Shirah Vollmer MD

The Musings of Dr. Vollmer

Finding Validation

Posted by Dr. Vollmer on September 1, 2011

 Charlotte returns to Roger,, in a similar way that Monte and Marla continue their drama Some relationships persist because each person assign the other person a great deal of power over their self-esteem. Roger believes that Charlotte’s love and attention, despite her on-again, off-again behavior, is the only attention which makes him feel whole. Likewise, Monte craves attention from Marla, even though she has been very hurtful to him in the past. For Monte, Marla’s attention enables him to feel like his world is stable, secure. Charlotte and Rogera must also have very important reasons for persisting in their relationship, which to an outsider seems self-destructive.

   “I just did not want to come in today to tell you that Charlotte and I are back together,” Roger says. “Since you think I am going to look down on that decision,” I say, explaining that he is externalizing his ambivalence towards Charlotte, and assuming that I hold the negativity about their relationship. “I don’t know, we could break-up again, but I really missed her and it is nice to have her back in my life.” Roger continues to sound defensive and confused. His agony feels palpable. “Charlotte has a lot of insecurities,” I remind him. “Yes, but so do I,” he responds quickly. “I remember that it is hard for you to reassure her that you care about her.” I say, trying to integrate the good and bad aspects of their relationship into one coherent narrative. “Yes, but it makes me feel good when I can make her feel good, so it is worth the effort,” Roger says, explaining that he gets pleasure out of quieting Charlotte’s anxieties. Relationships are so interesting, I think to myself. Roger has suffered with Charlotte, but he has also felt better than he has ever felt in his life with her. How he balances out these conflicting forces is fascinating.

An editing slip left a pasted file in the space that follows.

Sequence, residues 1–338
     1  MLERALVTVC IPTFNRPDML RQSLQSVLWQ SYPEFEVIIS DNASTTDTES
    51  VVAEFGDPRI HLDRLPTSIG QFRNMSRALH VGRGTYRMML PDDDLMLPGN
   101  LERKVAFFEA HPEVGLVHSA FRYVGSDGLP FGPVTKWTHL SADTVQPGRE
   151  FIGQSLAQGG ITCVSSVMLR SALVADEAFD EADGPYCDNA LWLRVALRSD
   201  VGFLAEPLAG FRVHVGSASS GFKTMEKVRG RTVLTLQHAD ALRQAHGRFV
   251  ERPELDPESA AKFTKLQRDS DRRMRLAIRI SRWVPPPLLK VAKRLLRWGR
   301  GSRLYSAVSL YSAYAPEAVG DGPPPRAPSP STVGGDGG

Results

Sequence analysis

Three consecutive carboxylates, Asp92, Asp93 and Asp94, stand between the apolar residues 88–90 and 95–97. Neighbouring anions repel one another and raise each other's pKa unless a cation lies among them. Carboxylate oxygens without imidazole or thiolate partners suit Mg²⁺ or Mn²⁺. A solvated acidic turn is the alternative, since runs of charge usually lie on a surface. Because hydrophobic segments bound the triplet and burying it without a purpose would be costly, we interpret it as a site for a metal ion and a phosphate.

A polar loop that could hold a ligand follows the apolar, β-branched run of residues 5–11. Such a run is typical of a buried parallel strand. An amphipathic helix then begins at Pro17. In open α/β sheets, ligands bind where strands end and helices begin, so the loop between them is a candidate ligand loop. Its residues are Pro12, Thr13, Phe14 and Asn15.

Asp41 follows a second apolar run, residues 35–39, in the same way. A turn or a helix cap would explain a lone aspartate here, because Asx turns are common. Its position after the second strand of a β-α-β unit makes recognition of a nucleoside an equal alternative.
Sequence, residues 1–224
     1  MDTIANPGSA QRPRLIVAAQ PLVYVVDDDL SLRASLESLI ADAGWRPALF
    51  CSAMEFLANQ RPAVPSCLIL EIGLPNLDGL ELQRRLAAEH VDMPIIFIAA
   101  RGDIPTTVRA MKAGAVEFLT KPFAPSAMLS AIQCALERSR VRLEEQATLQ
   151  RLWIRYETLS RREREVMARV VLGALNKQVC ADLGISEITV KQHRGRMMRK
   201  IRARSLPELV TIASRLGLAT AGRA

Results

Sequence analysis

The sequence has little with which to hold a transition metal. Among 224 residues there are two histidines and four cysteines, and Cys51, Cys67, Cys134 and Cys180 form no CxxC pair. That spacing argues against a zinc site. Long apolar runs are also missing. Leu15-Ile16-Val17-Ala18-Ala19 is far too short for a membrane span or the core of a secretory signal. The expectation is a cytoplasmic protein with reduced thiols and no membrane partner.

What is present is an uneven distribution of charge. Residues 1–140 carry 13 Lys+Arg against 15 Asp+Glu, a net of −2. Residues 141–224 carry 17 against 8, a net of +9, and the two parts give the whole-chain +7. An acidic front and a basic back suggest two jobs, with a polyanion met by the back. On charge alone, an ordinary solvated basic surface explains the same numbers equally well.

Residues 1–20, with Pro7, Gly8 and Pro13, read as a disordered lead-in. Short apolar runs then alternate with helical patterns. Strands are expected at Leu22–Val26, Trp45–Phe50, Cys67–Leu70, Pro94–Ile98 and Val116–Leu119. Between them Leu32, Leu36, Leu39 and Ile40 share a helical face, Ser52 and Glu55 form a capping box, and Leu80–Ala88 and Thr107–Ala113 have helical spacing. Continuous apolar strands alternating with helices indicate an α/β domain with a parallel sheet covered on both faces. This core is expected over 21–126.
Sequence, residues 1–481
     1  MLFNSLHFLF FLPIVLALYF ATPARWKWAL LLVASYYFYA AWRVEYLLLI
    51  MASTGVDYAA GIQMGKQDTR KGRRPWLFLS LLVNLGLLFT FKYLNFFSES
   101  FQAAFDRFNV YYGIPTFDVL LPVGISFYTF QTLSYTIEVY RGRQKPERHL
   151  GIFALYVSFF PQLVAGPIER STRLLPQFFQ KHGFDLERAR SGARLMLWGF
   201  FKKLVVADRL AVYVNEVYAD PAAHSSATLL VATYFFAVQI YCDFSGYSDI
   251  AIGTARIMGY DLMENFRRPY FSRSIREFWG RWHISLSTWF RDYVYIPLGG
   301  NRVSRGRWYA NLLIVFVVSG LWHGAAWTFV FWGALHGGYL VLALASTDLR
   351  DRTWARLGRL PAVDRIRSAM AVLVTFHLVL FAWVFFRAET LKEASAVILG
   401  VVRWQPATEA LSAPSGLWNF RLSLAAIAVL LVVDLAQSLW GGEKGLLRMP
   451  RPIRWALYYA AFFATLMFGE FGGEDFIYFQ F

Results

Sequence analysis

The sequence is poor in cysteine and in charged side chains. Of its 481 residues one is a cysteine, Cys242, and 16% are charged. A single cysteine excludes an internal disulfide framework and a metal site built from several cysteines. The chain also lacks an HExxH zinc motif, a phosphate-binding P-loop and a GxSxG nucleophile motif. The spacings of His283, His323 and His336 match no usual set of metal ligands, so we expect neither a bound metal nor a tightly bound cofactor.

Like the Monte and Marla drama, the experience is so different looking in, as opposed to being a character in the story. As I look in on Roger’s life, I see the pain that he and Charlotte have  had together. The happy times, we only discuss in passing. Hence, my vision can be colored, and I have to keep that in mind. Although it is tempting to tell Roger what to do with Charlotte, my job is to help Roger look at his relationship in-depth, and from there he can make a good decision. Respecting the inner world is key. Only Roger knows how he feels.

2 Responses to “Finding Validation”

  1. Shelly said

    This is really interesting. I like how you can step back and see that it is the psychiatrist’s role to help Roger see both the good and bad in the situation, and that in the end, it is Roger’s decision. I don’t like to think that shrinks can influence a person one way or another to behave a certain way. That only leads to pain for those involved in the patient’s life and that there are three people in the relationship instead of two.

    • Shirah said

      Thanks. The influence of ‘shrinks’ on relationships are always interesting. There can be an influence, even if it might be indirect. The goal, idealized perhaps, is to help the patient thinks thing through. In reality, there can be influence, sometimes imagined by the patient and sometimes directly from the therapist. As usual, you highlight a good point.

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